On Benchmarking Camera Calibration and Multi-View Stereo for High Resolution Imagery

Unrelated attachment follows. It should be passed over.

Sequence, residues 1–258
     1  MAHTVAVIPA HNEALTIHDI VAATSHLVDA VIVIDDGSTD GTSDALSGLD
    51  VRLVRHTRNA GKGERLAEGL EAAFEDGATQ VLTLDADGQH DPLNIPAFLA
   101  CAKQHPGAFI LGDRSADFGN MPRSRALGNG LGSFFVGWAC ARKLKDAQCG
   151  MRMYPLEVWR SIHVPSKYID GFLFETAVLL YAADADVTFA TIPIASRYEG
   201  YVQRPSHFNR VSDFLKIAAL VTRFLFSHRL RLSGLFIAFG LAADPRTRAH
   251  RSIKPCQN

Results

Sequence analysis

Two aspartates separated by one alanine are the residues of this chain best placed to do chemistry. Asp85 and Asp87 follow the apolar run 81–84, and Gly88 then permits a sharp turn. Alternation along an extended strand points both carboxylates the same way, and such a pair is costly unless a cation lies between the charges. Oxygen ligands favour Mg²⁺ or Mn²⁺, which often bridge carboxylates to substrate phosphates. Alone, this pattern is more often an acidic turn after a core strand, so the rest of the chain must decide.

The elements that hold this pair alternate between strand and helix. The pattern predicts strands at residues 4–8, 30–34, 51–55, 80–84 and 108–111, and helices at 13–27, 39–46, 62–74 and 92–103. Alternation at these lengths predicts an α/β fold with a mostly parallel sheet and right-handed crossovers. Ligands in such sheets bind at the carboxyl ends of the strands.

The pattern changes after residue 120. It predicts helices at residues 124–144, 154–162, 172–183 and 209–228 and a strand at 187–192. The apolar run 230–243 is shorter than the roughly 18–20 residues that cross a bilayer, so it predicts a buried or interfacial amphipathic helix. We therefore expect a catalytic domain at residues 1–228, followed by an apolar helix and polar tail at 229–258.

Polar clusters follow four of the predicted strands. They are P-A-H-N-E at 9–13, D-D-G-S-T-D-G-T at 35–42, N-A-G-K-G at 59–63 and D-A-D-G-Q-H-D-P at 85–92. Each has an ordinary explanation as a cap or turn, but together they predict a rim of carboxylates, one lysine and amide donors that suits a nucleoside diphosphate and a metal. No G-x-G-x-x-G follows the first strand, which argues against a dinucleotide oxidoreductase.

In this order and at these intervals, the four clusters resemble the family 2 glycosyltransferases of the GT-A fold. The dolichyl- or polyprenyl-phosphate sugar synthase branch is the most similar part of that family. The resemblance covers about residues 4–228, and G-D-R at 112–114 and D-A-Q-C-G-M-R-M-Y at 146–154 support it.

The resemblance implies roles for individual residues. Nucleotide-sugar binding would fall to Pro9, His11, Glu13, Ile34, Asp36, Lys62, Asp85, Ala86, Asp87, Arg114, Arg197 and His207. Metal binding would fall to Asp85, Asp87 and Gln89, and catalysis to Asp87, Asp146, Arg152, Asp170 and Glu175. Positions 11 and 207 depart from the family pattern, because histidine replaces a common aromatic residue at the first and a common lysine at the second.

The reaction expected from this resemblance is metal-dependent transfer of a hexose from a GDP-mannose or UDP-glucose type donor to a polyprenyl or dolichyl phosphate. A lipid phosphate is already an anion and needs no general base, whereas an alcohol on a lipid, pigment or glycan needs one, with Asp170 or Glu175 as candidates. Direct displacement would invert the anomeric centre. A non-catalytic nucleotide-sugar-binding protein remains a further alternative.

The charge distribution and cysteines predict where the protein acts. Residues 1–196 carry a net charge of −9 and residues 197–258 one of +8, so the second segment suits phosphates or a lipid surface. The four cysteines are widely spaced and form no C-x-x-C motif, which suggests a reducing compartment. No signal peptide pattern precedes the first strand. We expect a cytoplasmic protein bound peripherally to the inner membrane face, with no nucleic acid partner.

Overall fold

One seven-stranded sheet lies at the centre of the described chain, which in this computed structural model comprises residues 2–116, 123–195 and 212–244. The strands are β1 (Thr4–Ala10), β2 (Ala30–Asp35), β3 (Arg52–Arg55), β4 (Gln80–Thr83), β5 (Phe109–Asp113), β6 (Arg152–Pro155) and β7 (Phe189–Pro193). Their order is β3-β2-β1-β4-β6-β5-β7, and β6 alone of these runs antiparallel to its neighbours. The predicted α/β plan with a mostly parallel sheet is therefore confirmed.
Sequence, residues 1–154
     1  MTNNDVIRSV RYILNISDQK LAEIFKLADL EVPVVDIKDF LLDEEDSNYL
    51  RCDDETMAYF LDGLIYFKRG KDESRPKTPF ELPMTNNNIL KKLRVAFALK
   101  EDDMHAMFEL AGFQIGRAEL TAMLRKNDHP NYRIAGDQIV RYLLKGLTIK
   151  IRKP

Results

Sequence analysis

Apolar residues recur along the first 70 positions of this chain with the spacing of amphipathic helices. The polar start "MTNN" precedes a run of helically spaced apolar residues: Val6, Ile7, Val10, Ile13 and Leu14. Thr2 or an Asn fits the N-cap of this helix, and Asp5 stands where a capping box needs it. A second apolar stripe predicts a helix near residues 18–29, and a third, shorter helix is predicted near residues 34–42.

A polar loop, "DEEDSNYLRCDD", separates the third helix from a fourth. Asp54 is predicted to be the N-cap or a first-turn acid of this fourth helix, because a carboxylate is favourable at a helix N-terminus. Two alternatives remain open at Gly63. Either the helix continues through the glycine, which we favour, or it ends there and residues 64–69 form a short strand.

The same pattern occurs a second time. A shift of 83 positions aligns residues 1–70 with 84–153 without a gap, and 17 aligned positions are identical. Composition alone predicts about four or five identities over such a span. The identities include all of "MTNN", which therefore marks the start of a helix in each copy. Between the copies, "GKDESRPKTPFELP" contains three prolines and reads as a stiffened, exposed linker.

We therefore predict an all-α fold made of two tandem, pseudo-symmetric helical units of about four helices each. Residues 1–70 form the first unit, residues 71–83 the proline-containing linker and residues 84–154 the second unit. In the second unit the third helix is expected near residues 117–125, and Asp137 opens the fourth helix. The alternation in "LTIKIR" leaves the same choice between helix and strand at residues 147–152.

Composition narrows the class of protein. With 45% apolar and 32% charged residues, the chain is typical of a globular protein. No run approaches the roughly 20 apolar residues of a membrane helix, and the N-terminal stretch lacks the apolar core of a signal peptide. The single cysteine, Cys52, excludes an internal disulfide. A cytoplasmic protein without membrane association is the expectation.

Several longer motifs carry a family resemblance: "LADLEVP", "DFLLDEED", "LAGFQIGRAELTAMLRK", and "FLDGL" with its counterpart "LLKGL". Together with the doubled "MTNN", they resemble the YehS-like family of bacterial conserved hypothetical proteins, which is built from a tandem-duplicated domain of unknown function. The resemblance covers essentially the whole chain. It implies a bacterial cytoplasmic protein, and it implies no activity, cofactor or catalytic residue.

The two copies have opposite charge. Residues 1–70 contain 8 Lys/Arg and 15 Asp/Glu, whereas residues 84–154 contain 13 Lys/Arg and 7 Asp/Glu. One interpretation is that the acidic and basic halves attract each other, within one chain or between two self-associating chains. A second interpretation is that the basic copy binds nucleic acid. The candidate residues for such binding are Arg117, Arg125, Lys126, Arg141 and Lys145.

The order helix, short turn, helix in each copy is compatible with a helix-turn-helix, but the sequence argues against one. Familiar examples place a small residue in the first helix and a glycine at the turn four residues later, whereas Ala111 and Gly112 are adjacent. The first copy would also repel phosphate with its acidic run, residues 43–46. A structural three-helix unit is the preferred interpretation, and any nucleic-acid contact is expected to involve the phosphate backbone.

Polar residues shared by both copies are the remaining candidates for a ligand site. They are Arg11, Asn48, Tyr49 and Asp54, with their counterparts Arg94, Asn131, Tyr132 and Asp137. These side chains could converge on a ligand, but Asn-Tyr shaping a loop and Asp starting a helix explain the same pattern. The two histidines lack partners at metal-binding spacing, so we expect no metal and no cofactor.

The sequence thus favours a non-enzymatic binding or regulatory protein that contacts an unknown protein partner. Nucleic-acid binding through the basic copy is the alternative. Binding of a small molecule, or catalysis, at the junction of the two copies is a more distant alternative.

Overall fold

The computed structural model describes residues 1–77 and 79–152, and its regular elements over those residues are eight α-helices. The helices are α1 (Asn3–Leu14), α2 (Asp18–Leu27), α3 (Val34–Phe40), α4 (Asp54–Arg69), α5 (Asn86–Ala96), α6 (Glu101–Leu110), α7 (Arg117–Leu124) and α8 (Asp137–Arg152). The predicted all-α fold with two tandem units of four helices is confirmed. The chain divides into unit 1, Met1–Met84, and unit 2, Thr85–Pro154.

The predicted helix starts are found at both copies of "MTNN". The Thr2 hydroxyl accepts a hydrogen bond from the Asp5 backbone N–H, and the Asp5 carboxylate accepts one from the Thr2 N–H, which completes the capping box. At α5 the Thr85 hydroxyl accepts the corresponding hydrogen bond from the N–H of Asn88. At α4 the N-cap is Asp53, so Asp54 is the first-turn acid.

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1 On Benchmarking Camera Calibration and Multi-View Stereo for High Resolution Imagery C. Strecha CVLab EPFL Lausanne (CH) W. von Hansen FGAN-FOM Ettlingen (D) L. Van Gool CVLab ETHZ Zürich (CH) P. Fua CVLab EPFL Lausanne (CH) U. Thoennessen FGAN-FOM Ettlingen (D) Abstract In this paper we want to start the discussion on whether image based 3-D modelling techniques can possibly be used to replace LIDAR systems for outdoor 3D data acquisition. Two main issues have to be addressed in this context: (i) camera calibration (internal and external) and (ii) dense multi-view stereo. To investigate both, we have acquired test data from outdoor scenes both with LIDAR and cameras. Using the LIDAR data as reference we estimated the ground-truth for several scenes. Evaluation sets are prepared to evaluate different aspects of 3D model building. These are: (i) pose estimation and multi-view stereo with known internal camera parameters; (ii) camera calibration and multi-view stereo with the raw images as the only input and (iii) multi-view stereo. 1. Introduction Several techniques to measure the shape of objects in 3-D are available. The most common systems are based on active stereo, passive stereo, time of flight laser measurements (LIDAR) or NMR imaging. For measurements in laboratories, active stereo systems can determine 3-D coordinates accurately and in real-time. However, active stereo is only available for controlled indoor environments. A second technique which is also applicable to measure outdoor environments is LIDAR. In contrast to image based techniques, LIDAR systems are able to directly produce a 3-D point cloud based on distance measurements with an accuracy of less than 1 cm. The downside are high costs for the system and a time consuming data acquisition. Automatic reconstruction from multiple view imagery already is a low-cost alternative to laser systems, but could even become a replacement once the geometrical accuracy of the results can be proven. The aim of this paper is to investigate whether image based 3-D modelling techniques could possibly replace LIDAR systems. For this purpose we have acquired LIDAR data and images from outdoor scenes. Figure 1. Diffuse rendering of the integrated LIDAR 3-D triangle mesh for the Herz-Jesu-P8 data-set. The LIDAR data will serve as geometrical ground truth to evaluate the quality of the image based results. Our evaluation sets include camera calibration as well as the evaluation of dense multi-view stereo. Benchmark data-set for both, camera calibration (internal and external) [9] and for stereo and multi-view stereo [16, 15] are available. To generate ground truth usually a measurement techniques has to be used which is superior to the evaluation techniques. Seitz et al. [16] and Scharstein et al. [15] use a laser scanner and an active stereo system, respectively, to get the advantage w.r.t. multi-view stereo. In the ISPRS calibration benchmark [9] the ground truth is estimated on large resolution images, i.e. for a more accurate feature localisation, and only small resolution images are provided as benchmark data. However, in these data-sets ground truth is measured and is assumed to be known exactly. Our approach is different from that. Similar to Seitz et al. [16] we use laser scans to obtain ground truth but we also estimate the variance of these measurements. Image based acquisition techniques are evaluated relative to this variance. This allows to compare different algorithms w.r.t. to each other. Moreover we can specify, based on this variance, at which point image based techniques become similar to